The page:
I haunted the hallways, waiting for the doctors to finish their regular morning meeting in the corner room. For days Pedro’s life had hung in the balance while a yeast infection in his blood ravaged his cancer-weakened body. The chemo treatment he had received shortly before the yeast started colonizing had killed off his white blood cells, and his body had nothing left to fight the newest onslaught.
The day before, the doctors had discussed giving Pedro a white blood cell transplant, and had asked about possible sibling donors. I had called Pedro’s only sibling and he stood by, ready to fly to San Francisco and do whatever it took to help out.
I let everyone back home and all of the people on the update email list know about the special prayer request—that Pedro’s brother be a match and that the white blood cell transfusion would turn the tide.
When I saw the resident on call walking towards Pedro’s hospital room, I rushed over and exclaimed, “Pedro’s brother can be here in four hours. Does he need to do anything before he comes to see if he’s a match?”
The doctor shook his head, “A match for what?”
“The white blood cell transfusion!” I exclaimed. I knew everyone discussed each patient every morning, so surely this doctor knew what Pedro needed.
“No one told you?” he asked.
“What?” my heart wavered between my toes and its usual place. The doctor’s stoic expression didn’t reveal much.
“He won’t need the white blood cell transfusion!” A smile broke out on his face. “He’s producing his own white blood cells.” His face sobered. “Now we wait some more.”
I stood there, stunned, as he hurried off down the hallway, muttering something about miracles under his breath.
A miracle of epic proportions, indeed. Pedro’s body had started producing white blood cells again two days earlier than it had at any other point during treatment. The prayer warriors had prayed for a successful transplant, and instead God had provided something even better—he had given Pedro the ability to fight on his own without another procedure.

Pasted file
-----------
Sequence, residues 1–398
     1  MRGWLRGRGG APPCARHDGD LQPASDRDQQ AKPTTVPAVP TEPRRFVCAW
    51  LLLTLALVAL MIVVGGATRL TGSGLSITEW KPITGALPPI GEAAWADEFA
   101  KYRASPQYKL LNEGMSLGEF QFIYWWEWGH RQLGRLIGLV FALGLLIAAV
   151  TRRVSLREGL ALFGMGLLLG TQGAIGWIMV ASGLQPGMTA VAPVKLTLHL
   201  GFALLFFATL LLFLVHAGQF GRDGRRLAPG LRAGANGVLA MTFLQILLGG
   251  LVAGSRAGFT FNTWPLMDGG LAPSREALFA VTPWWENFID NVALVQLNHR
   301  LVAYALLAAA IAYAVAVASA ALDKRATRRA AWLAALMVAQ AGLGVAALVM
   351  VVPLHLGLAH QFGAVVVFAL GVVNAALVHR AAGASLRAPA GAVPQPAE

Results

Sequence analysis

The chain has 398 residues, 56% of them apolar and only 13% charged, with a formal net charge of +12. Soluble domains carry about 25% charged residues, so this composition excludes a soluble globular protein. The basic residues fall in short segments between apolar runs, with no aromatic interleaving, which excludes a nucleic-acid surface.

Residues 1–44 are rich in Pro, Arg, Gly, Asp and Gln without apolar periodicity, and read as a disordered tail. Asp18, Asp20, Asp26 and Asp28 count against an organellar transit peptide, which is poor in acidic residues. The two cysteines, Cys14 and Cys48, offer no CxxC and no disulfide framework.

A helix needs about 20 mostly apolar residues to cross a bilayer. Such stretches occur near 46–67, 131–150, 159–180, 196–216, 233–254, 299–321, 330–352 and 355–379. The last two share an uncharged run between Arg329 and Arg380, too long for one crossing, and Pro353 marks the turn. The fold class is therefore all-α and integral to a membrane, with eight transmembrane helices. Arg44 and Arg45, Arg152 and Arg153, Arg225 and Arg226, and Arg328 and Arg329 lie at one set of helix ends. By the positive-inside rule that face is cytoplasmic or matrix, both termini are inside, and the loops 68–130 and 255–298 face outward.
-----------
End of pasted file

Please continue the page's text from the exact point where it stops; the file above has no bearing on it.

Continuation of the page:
Looking back, I don’t understand the reason for the miracle (maybe I suffer from a bit of survivor’s guilt by proxy). Thousands of others have prayed for healing and for miracles, and God has answered their prayers differently. My own grandpa suffered a slow death from mesothelioma (lung cancer caused by exposure to asbestos).
But this I do know. God has a purpose for each of us. Our lives do not happen in a void. (tweet this)
Maybe that doctor needed to see a miracle in order to believe in God. Perhaps a nurse needed to know that the selfless way she poured herself out each day on the cancer ward really did make a difference.
Maybe I needed to realize that my arranging and organizing and control had little effect on the outcome of Pedro’s journey—God would perform miracles in his own time and of his own choosing. I needed to relinquish the driver’s seat and concentrate on prayer.
Almost thirteen years have passed since that incident, and Pedro is living out his God-sized dream as the principal of a mission school for Native students. The work never ends, it seems. I don’t mind, though, because I know that God saved him for such a time as this.
Today is World Cancer Day, and I’d like to thank God, first of all, for healing Pedro. I would also like to thank God’s hands and feet—the doctors and nurses at the University of California, San Francisco Parnassus campus who work tirelessly in the Hematology Oncology clinic and in the trenches on Eleven Long. Thank you. Your dedication to healing and helping thirteen years ago makes a difference in the lives of troubled kids today.
What about you? Is there anyone you want to than